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DevSecOps is a practice of implementing security at every step in the DevOps Lifecycle with DevSecOps Tools.

In software development, DevOps is the combination of specific development activities with IT operations. This combination aims to improve software quality and enable continuous delivery.

If we add security management to DevOps, it becomes DevSecOps: a discipline that integrates security as a shared responsibility between the IT world and the software development world.

In the past, security was the exclusive responsibility of a specialized team that joined projects in their final phases. This worked well in development cycles that lasted months or years. But in agile development cycles measured in weeks, security practices must be considered from the beginning to the end of the project, and security responsibilities must be shared by the entire development and IT teams.

For DevSecOps to work without breaking the paradigms of agile methodologies, its integration must be automated. This is the only way for the DevOps workflow not to become sluggish when incorporating security management. And that automation requires appropriate mechanisms that integrate development tools, such as integrated development environments (IDEs), with security features.

Types of DevSecOps Tools

The combination of security and DevOps can take many forms. For this reason, there are different types of DevSecOps tools, which can be summarised as follows:

  • Vulnerability scanning in open source components: They look for possible vulnerabilities in open source code components and libraries resident in the analyzed code base, along with all their dependencies.
  • Static and dynamic application security testing (SAST/DAST): Static testing scans developers’ source code for insecure code to identify potential security issues. Dynamic testing performs security tests on running applications without requiring access to the source code.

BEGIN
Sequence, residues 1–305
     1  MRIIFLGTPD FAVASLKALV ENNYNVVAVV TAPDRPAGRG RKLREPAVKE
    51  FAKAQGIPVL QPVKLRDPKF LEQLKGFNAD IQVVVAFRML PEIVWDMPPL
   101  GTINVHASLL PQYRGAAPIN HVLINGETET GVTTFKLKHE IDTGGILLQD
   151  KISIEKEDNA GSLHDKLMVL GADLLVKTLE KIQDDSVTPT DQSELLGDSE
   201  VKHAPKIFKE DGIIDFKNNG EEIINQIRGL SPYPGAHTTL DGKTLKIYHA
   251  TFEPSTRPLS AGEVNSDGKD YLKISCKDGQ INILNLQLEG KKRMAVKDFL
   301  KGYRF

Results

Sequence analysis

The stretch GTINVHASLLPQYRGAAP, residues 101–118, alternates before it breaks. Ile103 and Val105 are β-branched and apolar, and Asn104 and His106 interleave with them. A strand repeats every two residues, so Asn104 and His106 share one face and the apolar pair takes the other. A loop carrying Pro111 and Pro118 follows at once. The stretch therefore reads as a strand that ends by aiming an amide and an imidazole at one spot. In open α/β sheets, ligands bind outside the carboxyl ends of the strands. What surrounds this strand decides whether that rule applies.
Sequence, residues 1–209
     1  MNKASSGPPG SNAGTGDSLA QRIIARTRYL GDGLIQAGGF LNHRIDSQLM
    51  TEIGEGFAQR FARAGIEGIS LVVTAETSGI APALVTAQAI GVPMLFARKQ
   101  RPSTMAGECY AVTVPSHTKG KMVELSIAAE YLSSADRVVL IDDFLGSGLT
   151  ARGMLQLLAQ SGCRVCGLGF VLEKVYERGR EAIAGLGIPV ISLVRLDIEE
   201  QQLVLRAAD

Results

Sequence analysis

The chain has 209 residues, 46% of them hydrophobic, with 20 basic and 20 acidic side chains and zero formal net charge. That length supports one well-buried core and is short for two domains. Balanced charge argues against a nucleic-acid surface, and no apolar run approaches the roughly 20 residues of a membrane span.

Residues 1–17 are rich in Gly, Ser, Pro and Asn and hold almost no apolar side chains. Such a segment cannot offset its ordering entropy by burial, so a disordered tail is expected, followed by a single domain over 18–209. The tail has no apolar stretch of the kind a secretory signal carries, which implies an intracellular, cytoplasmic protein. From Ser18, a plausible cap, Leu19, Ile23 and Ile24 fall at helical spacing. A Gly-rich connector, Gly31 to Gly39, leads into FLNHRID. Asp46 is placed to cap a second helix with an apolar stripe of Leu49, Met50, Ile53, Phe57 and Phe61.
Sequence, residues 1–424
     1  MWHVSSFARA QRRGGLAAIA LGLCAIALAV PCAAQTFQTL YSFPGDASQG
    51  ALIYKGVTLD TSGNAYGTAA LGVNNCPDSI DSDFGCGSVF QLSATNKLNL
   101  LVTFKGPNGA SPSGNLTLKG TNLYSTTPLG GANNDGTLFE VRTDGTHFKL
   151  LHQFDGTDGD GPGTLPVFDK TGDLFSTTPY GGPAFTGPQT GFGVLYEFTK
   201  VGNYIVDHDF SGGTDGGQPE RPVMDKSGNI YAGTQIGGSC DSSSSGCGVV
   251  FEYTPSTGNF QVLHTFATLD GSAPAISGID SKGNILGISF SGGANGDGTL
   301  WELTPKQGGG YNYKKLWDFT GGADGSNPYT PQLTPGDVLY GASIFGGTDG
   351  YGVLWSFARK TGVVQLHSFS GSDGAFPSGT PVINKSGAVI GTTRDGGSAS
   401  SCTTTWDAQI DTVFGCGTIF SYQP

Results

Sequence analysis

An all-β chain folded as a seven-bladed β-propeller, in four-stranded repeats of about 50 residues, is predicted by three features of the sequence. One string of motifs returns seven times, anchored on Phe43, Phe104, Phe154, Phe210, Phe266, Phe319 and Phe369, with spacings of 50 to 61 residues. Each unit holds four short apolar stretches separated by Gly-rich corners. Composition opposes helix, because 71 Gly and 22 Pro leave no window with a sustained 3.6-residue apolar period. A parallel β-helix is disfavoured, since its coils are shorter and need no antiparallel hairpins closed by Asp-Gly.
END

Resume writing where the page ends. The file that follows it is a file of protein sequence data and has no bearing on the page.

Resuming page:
• Image scanning: They search for vulnerabilities in Docker containers.
  • Infrastructure automation: Detect and fix various configuration issues and vulnerabilities in infrastructure configuration, particularly in cloud environments.
  • Visualization: Provide visibility into KPIs and trends to detect increases or decreases in the number of vulnerabilities over time.
  • Threat modeling: Enable proactive decision-making by predicting threat risks across the entire attack surface.
  • Alerts: Notify the security team only when an anomalous event has been identified and prioritized as a threat to reduce the noise level and avoid interruptions in DevSecOps workflows.

The list below shows a curated list of DevSecOps tools you can rely on to incorporate the word “Sec” into your DevOps workflows.


Invicti is a tool that you can integrate into your SDLC to carry out security management in your software products while maintaining the agility of the development process.

The analysis performed by Invicti is exhaustive, providing accuracy in detecting problems without sacrificing speed in the management of the SDLC.

The automation options offered by Invicti avoid the need for human intervention in the execution of security tasks, creating effort savings for your team that can amount to hundreds of hours per month.

These savings are enhanced by identifying the vulnerabilities that really matter and automatically assigning them to the most appropriate resources for remediation.

Invicti also provides complete visibility into the vulnerabilities in your applications under development and the efforts being made to reduce risk.


SonarQube automatically checks your code for vulnerabilities, sniffing it for bugs that could become threats. At the time of this writing, it supports nearly 30 different programming languages.

SonarQube’s unique QualityGates represent a simple way to stop issues before a product goes out into the world. They also provide the development team with a joint view of quality, allowing everyone to know the standards and whether their developments meet them.

SonarQube integrates seamlessly into your DevSecOps pipeline, ensuring that all team members have access to the reports and feedback generated by the tool.

By simply installing it, SonarQube clearly indicates if your commits are clean and if your projects are ready for release. If something is wrong, the tool will immediately inform you where the problem is and what the solution can be.